She says, “I love you” as she smiles and looks into his lake-blue eyes. Calm, sure, and pretty—she declares her adoration of him in an endearing purr. She wraps her arms around him and breathes him in. A musky man-smell. She loves man-smell—makes her wiggle and flirt, sigh and hum. She buries her nose in his black curls. Sun warmth rubs into her skin from his mane. A Samsonian chest to curl into. He is perfect.
She loves men!
The lie? That she loves him specifically. But she tells it in order to fit the glove of the future. An insurance policy. A test.
Will he say it back?
“I love you.” His husky whisper brushes and then flits into her seashell ear.
Does he mean it, or is he made from the same fabric as her? The fabric is rent with lust and greed and need. And fear.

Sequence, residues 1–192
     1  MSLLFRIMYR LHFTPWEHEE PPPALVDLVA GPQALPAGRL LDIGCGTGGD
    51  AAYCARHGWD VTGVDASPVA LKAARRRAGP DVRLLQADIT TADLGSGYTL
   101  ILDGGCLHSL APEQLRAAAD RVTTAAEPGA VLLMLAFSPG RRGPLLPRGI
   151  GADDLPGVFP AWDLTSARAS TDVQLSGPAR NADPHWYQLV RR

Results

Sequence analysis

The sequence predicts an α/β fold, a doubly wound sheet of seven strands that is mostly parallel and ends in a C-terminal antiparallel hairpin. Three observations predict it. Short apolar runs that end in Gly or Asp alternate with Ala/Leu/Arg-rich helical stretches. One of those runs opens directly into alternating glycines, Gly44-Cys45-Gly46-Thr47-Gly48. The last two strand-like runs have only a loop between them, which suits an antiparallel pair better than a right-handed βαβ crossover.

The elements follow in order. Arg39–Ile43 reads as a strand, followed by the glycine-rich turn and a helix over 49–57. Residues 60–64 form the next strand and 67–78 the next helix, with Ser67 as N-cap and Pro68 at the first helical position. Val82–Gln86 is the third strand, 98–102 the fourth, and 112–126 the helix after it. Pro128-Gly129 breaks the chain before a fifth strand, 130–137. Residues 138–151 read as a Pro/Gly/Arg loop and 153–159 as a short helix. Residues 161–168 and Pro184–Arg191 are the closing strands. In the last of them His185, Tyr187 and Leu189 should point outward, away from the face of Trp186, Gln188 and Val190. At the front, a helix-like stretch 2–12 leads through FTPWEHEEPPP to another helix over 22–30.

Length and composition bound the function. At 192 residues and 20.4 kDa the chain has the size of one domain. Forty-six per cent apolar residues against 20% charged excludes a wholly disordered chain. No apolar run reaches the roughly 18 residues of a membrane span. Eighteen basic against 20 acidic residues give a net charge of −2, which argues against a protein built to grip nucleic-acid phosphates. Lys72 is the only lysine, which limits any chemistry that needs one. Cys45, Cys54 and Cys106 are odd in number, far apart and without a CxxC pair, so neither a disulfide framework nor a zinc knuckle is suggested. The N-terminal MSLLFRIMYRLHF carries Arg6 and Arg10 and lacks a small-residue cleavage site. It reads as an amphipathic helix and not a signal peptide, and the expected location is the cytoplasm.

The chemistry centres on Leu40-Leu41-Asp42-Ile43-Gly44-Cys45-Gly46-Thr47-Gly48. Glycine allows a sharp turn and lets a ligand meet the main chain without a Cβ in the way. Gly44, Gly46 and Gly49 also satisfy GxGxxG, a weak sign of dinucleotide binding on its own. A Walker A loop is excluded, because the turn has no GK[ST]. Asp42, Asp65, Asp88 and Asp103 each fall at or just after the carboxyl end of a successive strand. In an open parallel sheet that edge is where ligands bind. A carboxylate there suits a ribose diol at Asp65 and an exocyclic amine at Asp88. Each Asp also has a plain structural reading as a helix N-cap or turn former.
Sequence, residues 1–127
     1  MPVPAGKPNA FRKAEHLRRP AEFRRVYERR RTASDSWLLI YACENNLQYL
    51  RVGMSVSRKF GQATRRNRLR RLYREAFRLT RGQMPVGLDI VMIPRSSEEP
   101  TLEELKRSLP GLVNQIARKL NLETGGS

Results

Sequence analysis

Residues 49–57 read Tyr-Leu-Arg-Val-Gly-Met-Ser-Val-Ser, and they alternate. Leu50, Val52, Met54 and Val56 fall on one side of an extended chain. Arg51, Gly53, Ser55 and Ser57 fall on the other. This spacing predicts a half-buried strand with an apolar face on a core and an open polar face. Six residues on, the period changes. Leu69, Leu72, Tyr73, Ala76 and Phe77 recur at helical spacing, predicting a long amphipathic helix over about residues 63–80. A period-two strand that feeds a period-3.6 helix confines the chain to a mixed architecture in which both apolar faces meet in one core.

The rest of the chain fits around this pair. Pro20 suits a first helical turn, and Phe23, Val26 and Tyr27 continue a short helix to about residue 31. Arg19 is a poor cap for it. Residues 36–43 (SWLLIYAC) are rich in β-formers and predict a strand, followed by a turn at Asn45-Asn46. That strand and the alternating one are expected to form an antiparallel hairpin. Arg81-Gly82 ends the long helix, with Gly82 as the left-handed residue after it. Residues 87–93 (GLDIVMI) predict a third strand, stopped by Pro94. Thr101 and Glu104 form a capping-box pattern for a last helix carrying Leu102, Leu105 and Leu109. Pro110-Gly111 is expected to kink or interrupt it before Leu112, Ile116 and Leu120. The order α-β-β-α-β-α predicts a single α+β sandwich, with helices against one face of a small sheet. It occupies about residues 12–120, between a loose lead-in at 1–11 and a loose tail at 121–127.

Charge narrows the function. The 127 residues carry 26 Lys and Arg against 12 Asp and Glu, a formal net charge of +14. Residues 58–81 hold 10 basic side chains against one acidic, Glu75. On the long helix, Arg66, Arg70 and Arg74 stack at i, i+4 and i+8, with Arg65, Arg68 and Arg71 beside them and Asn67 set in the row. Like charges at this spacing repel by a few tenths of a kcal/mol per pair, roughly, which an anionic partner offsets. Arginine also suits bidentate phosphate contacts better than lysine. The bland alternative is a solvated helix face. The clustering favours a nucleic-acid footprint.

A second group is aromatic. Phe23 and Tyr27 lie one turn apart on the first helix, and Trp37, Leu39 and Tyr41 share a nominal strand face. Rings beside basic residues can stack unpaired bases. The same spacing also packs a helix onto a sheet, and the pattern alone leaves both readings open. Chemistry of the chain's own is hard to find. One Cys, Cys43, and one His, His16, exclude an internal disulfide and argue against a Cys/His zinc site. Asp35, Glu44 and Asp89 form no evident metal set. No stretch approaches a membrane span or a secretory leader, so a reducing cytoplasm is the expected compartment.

She’s been like this until recently. Now, years later—heartbreaks later, men later—the man she leans into is the man she loves. His sturdy frame is short, not tall; he does not have obsidian locks flowing onto his broad shoulders. He is kind and generous and his ego is a regular size.
He smells good and she loves him, and he loves her.
Her interior fabric is now simple and whole, with no gold sequins, embroidered hearts, or strutting, iridescent peacocks. There are no tears in the tissue of her heart.
Now. She. Can. Say. The Lie.
But it is the truth.
I use writing prompts to stimulate story material. Many of my published stories have come from prompts including this one conjured up by Will Donnelly—one of my Big Island writing partners: “Write about a time you told a lie.”
The photos were taken by Delisa Sage. I’m interacting with the art at the San Francisco Museum of Modern Art.